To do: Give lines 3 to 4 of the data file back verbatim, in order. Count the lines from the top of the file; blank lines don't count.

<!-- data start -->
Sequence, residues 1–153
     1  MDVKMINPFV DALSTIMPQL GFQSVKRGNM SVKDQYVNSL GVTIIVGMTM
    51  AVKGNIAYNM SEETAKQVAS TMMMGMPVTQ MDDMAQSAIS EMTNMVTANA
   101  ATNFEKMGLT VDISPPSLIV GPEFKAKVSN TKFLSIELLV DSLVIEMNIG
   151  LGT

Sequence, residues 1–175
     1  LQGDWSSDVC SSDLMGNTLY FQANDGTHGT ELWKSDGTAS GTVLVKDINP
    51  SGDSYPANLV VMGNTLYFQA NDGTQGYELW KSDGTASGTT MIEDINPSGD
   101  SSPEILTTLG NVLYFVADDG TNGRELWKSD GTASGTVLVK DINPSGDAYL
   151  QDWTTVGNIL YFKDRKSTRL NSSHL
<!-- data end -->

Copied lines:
    51  AVKGNIAYNM SEETAKQVAS TMMMGMPVTQ MDDMAQSAIS EMTNMVTANA
   101  ATNFEKMGLT VDISPPSLIV GPEFKAKVSN TKFLSIELLV DSLVIEMNIG